“We want Carr, We want Carr”
The lowest moment of Alex Smith’s seven-year career in San Francisco came on October 12, 2010. The winless 49ers hosted the Eagles on Sunday Night Football, and crowd was looking for blood.
After a fourth quarter fumble by Alex, thunderous boos poured down on Smith. He was hearing it all game from the crowd, but this matched anything I’ve ever heard – even in Philadelphia. The unmistakable chant that came with the booing was even more depressing.
“We want Carr, we want Carr”
The home crowd wanted Smith benched in favor backup quarterback David Carr. The fanbase collectively waved the white flag. They were tired of their No. 1 overall pick bust and wanted to try another. It was only Week Five of a rapidly devolving season.
Coach Mike Singletary tried to remove Smith from the game, but the quarterback barked back. He talked his way into staying in the contest. He wound up throwing for over 300 yards with three touchdowns in a comeback attempt that fell just short, like so many other 49er games during Smith’s tenure.
The fans got their wish two weeks later when Carr replaced an injured Smith during a loss to the Panthers. Troy Smith, who is no longer in the NFL, wound up starting six games for the 2010 49ers. Alex Smith’s beleaguered run in San Francisco was all but over. If nothing, that gave the fans something to smile about.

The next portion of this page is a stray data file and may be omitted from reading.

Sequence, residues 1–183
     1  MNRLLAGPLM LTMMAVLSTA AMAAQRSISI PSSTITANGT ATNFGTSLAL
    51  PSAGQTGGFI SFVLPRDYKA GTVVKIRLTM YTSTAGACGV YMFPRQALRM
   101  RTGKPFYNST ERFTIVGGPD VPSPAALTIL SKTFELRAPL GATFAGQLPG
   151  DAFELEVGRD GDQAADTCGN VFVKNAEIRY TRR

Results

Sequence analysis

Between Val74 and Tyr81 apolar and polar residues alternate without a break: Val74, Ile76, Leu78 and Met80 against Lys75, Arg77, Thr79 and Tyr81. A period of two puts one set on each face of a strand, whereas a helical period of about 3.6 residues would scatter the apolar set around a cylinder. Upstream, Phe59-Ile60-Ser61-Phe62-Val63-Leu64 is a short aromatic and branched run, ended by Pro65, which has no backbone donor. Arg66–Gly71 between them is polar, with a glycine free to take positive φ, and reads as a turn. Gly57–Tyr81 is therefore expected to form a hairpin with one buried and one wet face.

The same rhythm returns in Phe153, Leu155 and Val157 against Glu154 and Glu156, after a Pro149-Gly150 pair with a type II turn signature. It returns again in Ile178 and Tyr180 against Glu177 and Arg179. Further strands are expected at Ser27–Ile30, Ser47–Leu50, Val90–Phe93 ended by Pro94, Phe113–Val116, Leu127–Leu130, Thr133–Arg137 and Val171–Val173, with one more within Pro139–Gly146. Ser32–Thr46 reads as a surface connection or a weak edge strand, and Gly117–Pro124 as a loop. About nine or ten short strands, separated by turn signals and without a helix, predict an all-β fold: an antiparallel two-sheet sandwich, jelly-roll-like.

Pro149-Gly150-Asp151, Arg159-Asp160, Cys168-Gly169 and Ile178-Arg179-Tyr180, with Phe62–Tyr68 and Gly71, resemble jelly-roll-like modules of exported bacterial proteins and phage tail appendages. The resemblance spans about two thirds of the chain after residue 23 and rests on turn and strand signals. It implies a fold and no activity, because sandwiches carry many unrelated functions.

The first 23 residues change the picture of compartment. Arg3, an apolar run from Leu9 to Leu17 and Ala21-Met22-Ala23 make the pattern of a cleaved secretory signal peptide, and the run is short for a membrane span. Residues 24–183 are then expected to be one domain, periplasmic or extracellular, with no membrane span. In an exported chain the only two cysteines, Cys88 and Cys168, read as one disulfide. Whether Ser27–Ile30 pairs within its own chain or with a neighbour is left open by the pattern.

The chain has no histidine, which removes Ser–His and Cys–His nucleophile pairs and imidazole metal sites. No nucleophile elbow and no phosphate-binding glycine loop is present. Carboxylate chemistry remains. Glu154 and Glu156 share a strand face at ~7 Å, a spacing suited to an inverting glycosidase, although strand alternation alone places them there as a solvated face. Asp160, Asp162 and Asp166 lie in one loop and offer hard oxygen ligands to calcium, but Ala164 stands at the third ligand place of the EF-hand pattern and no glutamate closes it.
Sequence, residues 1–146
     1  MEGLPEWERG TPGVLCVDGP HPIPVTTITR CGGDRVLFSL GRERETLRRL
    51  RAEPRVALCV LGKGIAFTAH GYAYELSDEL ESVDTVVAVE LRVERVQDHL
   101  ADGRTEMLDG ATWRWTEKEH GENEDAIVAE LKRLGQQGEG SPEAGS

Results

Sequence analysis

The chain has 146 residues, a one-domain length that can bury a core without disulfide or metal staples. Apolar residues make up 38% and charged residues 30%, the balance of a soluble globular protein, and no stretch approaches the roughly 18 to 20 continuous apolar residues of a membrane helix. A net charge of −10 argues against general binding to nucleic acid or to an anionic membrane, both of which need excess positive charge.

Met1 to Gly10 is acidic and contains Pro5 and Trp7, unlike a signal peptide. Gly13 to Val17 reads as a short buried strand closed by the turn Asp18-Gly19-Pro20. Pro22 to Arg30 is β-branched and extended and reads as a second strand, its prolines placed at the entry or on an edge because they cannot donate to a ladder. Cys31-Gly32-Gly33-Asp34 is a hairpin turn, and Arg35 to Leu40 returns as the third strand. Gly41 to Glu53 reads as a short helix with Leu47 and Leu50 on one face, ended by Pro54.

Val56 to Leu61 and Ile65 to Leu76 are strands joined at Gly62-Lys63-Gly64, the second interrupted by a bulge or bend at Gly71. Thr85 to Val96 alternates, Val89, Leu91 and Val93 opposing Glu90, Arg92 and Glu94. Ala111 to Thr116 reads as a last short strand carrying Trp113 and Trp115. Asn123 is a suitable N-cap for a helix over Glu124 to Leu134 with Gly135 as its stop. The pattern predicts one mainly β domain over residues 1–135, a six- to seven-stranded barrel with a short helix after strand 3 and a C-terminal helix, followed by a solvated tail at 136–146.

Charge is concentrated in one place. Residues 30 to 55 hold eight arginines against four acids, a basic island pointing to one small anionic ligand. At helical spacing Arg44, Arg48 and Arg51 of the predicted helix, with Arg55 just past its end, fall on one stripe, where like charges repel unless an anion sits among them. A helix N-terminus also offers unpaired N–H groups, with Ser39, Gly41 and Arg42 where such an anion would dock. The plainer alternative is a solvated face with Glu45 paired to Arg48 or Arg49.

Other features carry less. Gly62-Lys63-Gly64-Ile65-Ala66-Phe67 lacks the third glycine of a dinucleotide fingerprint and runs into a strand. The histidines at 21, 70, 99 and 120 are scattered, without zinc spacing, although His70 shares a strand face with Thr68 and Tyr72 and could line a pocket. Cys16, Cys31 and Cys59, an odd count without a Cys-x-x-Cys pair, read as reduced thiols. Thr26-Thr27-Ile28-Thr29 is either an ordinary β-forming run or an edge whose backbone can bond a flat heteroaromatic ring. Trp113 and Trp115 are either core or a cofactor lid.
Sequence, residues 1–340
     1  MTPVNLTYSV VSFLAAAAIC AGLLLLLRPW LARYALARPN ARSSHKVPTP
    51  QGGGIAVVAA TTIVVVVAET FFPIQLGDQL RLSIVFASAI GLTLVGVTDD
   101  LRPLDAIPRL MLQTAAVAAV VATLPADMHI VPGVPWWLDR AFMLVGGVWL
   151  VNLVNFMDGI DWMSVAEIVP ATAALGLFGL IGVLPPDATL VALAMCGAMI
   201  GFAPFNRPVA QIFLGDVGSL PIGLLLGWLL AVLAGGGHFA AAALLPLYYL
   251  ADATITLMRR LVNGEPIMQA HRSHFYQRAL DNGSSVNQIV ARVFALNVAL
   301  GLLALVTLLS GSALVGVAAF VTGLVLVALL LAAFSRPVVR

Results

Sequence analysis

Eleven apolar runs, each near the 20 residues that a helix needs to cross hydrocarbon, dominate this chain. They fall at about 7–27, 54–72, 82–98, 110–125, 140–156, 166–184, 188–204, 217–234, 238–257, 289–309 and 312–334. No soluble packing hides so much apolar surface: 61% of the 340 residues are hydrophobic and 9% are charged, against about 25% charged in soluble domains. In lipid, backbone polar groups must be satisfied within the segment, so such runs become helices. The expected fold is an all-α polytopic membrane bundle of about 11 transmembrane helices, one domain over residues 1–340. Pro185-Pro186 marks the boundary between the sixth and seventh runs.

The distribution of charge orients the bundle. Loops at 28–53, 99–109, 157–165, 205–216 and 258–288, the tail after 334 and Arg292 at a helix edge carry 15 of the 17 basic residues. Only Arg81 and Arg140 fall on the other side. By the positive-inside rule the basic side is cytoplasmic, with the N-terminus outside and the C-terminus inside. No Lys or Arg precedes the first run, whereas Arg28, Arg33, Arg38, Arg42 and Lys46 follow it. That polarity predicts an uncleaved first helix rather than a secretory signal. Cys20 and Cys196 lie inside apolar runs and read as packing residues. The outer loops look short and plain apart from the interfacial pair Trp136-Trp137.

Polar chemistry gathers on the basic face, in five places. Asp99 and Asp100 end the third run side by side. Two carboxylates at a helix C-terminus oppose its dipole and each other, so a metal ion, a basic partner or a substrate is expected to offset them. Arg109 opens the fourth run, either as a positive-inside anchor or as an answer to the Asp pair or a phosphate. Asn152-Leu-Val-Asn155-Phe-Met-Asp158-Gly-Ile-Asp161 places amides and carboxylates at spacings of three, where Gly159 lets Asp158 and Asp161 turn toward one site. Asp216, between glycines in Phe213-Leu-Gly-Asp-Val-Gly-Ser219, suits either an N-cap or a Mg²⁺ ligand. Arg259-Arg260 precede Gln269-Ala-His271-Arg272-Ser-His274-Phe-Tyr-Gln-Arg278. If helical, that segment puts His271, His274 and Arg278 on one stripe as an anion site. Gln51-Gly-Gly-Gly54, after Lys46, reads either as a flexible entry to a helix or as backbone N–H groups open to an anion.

Between rare and extinct
David Carr tells us a lot about Alex Smith. Just like Smith, Carr was a No. 1 overall draft pick viewed as a franchise savior. Like Smith, Carr fell flat on his face.
Carr didn’t face the same injury struggles as Smith. Carr didn’t have two head coaches question his toughness. But after five years in Houston, Carr was beat up mentally and physically. When Carr hit free agency, he wanted to take a break. He wanted out.
"I need to take a deep breath and be around a good environment and just start enjoying the game again,'' Carr said back in 2007. “I wanted to be on a team that was fun and exciting and whether I had a chance to play right away, it didn't matter to me.''
Smith had his chance to take a deep breath in the 2011 offseason. His family wanted him to leave San Francisco, toasting to new beginnings after the 2011 season. Smith didn’t want to go anywhere.
That desire to finish what he started won over new 49ers coach Jim Harbaugh.
"I wanted to get to know him. I had never met him," Harbaugh said last week of his first meeting with Smith in January 2011. "I was just kind of looking in through the keyhole. But I guess the things that I wanted to know, if you boiled it down to one thing, was, did he want to start? Did he want be in the fire? Or did he want to wear the ball cap backward and backup somewhere?”
Harbaugh was asking if Alex Smith wanted to be David Carr. (Or Vince Young. Or Matt Leinart. Or JaMarcus Russell.)
"I really felt that he had the competitive drive, the (desire) to prove himself, him wanting to do it here. That's the thing that probably intrigued me the most. That character of wanting to come back and do it here in San Francisco, which is pretty rare - probably somewhere between rare and extinct. That's not just for football players. That's about anybody. ... And I thought we could really work with that character. To me that was special."
Smith’s seven fourth quarter comeback wins this season are special. His league-leading interception percentage says a lot. But the most impressive part of Smith’s season is that he’s there at all. He survived.